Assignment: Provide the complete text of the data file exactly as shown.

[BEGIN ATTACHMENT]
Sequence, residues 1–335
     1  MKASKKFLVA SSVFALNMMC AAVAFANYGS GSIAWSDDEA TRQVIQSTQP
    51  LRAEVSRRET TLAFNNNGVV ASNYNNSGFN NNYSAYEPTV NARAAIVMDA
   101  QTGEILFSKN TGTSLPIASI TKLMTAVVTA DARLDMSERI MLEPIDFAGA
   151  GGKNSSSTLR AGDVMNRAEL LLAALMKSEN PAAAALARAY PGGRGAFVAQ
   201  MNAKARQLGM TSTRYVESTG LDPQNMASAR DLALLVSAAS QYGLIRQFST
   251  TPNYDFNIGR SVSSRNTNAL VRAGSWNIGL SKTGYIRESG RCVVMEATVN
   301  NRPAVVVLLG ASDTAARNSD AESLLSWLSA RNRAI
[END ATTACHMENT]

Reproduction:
Sequence, residues 1–335
     1  MKASKKFLVA SSVFALNMMC AAVAFANYGS GSIAWSDDEA TRQVIQSTQP
    51  LRAEVSRRET TLAFNNNGVV ASNYNNSGFN NNYSAYEPTV NARAAIVMDA
   101  QTGEILFSKN TGTSLPIASI TKLMTAVVTA DARLDMSERI MLEPIDFAGA
   151  GGKNSSSTLR AGDVMNRAEL LLAALMKSEN PAAAALARAY PGGRGAFVAQ
   201  MNAKARQLGM TSTRYVESTG LDPQNMASAR DLALLVSAAS QYGLIRQFST
   251  TPNYDFNIGR SVSSRNTNAL VRAGSWNIGL SKTGYIRESG RCVVMEATVN
   301  NRPAVVVLLG ASDTAARNSD AESLLSWLSA RNRAI